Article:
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Thursday, July 21, 2011

Early Signs and Symptoms of Apraxia of Speech

Apraxia of Speech

Early Signs and Symptoms

  • Limited or little babbling as an infant (void of many consonants). First words may not appear at all, pointing and "grunting" may be all that is heard.
  • The child is able to open and close mouth, lick lips, protrude, retract and lateralize tongue while eating, but may not be able to when directed to do so.
  • First word approximations occuring beyond the age of 18 months, without developing into understandable simple vocabulary words by age two.
  • Continuous grunting and pointing beyond age two.
  • Lack of a significant consonant repertoire: child may only use /b, m, p, t, d, h/
  • All phonemes (consonants and vowels) may be imitated well in isolation, but any attempts to combine phonemes are unsuccessful.
  • Prosody is unusual, there is equal stress and sometimes a monotone quality.
  • Speech may change or disintegrate with many repetitions.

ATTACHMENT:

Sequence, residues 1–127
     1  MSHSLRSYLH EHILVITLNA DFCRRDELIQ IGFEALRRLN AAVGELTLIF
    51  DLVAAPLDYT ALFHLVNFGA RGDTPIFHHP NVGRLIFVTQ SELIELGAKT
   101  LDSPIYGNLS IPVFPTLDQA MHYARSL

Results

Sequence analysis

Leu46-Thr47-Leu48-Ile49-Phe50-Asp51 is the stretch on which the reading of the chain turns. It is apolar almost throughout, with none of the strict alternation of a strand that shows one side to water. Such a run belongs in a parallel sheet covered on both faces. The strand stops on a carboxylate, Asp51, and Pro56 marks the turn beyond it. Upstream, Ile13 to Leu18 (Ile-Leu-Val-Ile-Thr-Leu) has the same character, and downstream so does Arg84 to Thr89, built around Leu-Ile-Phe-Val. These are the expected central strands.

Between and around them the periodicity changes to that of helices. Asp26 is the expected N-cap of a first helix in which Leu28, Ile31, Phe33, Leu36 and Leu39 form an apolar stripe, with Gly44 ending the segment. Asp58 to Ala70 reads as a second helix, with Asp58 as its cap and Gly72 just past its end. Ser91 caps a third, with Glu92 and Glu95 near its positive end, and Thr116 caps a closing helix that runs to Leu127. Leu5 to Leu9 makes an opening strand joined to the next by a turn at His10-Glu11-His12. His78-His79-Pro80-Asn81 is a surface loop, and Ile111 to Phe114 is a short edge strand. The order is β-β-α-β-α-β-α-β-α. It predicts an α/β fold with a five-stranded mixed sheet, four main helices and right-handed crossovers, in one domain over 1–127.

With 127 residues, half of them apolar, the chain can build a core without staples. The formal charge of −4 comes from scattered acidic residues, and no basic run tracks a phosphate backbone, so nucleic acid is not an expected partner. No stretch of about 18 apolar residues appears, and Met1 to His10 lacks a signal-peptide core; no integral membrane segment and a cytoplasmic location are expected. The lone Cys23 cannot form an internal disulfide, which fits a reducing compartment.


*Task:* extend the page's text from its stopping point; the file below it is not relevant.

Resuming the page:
• Words may be simplified by deleting consonants or vowels, and/or replacing difficult phonemes (consonants and vowels) with easier ones.
  • Single words may be articulated well, but attempts at further sentence length become unintelligible.
  • Receptive language (comprehension) appears to be better than attempts at expressive language (verbal output).
  • One syllable or word is favored and used to convey all or many words beyond age two.
  • The child speaks mostly in vowels.
  • Verbal perseveration: getting "stuck" on a previously uttered word, or bringing oral motor elements from a previous word into the next word uttered.
  • Oral groping may occur when attempting oral motor movements or consonant/vowel production.
  • Struggle behavior may occur when attempting to imitate or to speak (without dysfluency or stuttering).
  • Deletions or replacements of consonants, vowels or syllables may occur at the end of a word, phrase or connected word levels.
  • Vowel distortions or replacements occur which are not due to oral motor weakness.
  • The ability to blurt out clear whole words, phrases or sentences may occur though there is difficulty imitating these same words "on command" or upon imitation.
  • Difficulty with maintaining clarity with extended word length or complexity.
  • Phonological processes are employed to simplify motor speech output.
  • Late talking with above characteristics or errors may be present.
  • Other fine motor challenges may be present.
  • Echolalic utterances (the automatic repetition of words, phrases or sentences often without comprehension) might be perfectly articulated but novel attempts at words or combinations might be more effortfu

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